Agilent Technologies Inc. announced a highly sensitive method for analyzing polybrominated diphenyl ethers (PBDEs), a class of toxic chemicals found in thousands of consumer products. This gas chromatography/mass spectrometry (GC/MS) method can detect PBDEs at the lowest levels available in sediment and sewage sludge, as low as 1 part per billion (ppb).
PBDEs are flame retardants added to plastic widely used in household products and electronics devices, including computers, televisions, clothing, carpets and furniture. These chemicals can enter the environment through the dust and residue from such products or through landfill seepage. PBDEs do not degrade easily and can accumulate in the environment and in the bodies of animals and humans.
Research suggests that human exposure to these chemicals is increasing exponentially. A Swedish study found PBDE levels in the breast milk of Swedish women had doubled about every five years in the last three decades (1). A U.S. study showed PBDE levels in the milk of North American women were 10 to 100 times higher than European women's, with an average level of 73.9 ppb (2).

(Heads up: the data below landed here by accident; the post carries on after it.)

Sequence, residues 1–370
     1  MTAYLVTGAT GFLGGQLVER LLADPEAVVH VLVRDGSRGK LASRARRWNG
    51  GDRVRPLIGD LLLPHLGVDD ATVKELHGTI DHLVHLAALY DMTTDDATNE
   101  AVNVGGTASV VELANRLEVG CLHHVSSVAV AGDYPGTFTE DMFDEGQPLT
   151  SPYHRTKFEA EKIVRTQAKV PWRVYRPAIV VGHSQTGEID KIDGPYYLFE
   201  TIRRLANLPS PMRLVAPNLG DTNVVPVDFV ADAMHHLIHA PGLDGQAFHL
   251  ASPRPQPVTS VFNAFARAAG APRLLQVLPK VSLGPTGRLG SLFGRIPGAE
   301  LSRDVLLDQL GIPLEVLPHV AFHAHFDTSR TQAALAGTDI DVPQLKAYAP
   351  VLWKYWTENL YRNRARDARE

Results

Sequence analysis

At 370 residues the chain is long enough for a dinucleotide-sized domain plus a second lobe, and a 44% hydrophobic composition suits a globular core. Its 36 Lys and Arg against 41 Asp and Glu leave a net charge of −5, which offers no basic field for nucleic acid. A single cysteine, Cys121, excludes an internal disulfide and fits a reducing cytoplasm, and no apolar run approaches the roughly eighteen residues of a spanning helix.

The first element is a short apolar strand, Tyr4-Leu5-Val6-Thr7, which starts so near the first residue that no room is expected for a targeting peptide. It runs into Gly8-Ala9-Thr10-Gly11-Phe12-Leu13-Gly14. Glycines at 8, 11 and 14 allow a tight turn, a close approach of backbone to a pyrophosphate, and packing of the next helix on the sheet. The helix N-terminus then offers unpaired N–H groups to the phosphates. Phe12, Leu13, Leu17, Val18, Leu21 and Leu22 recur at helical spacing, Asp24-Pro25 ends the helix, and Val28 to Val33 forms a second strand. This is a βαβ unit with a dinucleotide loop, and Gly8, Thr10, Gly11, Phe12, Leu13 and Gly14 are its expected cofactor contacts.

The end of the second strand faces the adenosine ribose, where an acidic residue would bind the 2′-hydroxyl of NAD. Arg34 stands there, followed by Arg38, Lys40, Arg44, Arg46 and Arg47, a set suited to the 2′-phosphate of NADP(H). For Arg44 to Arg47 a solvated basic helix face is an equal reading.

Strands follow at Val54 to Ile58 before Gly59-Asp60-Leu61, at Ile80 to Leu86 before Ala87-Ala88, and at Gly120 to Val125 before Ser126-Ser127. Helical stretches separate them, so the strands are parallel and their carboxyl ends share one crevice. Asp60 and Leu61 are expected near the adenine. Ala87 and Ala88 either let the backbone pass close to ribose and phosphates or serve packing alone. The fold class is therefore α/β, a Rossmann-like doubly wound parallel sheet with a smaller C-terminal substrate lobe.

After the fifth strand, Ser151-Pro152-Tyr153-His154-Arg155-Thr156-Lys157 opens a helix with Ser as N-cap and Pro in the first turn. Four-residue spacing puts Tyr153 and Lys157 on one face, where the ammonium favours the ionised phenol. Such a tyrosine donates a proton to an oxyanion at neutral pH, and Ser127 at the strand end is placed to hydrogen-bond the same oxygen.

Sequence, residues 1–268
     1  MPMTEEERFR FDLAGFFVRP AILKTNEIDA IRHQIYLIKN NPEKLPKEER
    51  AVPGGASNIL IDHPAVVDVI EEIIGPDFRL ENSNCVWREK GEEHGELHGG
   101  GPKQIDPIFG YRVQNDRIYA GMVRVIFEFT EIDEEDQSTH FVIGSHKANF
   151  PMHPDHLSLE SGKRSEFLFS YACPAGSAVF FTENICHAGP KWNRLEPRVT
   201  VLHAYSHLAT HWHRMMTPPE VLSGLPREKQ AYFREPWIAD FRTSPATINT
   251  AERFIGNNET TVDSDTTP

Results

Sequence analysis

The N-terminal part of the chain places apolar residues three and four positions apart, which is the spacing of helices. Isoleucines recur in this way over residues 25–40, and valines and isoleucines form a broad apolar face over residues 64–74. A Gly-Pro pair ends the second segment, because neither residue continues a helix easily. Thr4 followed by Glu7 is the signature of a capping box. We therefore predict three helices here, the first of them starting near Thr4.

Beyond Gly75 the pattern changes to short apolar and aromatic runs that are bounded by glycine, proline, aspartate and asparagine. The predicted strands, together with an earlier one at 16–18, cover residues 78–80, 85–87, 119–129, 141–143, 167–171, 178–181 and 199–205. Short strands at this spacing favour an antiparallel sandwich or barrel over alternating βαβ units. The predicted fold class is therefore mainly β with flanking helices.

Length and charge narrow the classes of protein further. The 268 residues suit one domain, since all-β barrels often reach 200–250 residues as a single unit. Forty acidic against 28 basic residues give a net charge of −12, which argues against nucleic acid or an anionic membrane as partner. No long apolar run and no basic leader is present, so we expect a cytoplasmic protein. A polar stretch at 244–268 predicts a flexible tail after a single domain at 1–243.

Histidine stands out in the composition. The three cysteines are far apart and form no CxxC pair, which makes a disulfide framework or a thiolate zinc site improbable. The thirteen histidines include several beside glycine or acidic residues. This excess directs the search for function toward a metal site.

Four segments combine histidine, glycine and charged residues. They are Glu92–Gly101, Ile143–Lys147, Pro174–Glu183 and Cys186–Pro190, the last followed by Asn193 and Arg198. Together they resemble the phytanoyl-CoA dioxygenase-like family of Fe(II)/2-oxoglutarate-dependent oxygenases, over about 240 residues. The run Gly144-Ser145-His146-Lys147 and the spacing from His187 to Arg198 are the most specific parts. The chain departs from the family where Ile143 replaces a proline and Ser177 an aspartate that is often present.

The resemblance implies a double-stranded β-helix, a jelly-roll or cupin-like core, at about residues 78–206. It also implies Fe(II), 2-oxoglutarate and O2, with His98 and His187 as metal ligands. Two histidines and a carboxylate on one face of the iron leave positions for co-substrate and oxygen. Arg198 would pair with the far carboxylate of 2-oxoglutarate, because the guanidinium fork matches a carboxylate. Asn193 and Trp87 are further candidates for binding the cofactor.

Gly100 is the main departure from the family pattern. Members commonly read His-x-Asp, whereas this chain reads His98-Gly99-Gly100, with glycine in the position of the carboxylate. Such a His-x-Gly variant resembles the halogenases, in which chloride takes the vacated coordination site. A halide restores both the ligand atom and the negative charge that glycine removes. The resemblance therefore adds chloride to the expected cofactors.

The chemical structure of PBDEs is very similar to polychlorinated biphenyls (PCBs), a group of flame retardants banned in the 1970s because of their toxicity. Although their effects on human health are still under investigation, PBDEs have been found to cause hormonal and neurological problems in laboratory animals. Due to health concerns, the European Union and the state of California have enacted legislation restricting the use of PBDEs.
Gas chromatography is a fast and sensitive method for detecting PBDEs, but the high boiling points and low thermal stability of the three most widely used commercial PBDEs (pentaBDE, octaBDE and decaBDE) can complicate this type of analysis. In GC, a sample must be vaporized before it can be analyzed. Because of their high boiling points these PBDEs require high heat to vaporize, but they are heat-sensitive compounds and will decompose when exposed to high temperatures.
This method reduces degradation by using short GC columns with thin-film internal coatings. Short columns and thin films reduce the time that PBDEs are on the column, thereby minimizing their exposure to high temperatures.
Agilent scientists used this method to analyze sewage sludge from municipal waste-treatment plants. Using an Agilent DB-1 column with an Agilent 6890/5973 inert GC/MS system, the researchers easily achieved the minimum detection limits set by the French Normalization Association (AFNOR). These limits are 1 ppb in sediments and 10 ppb in sewage sludge for pentaBDE, and 50 ppb in sediments and 500 ppb in sewage sludge for both octaBDE and decaBDE.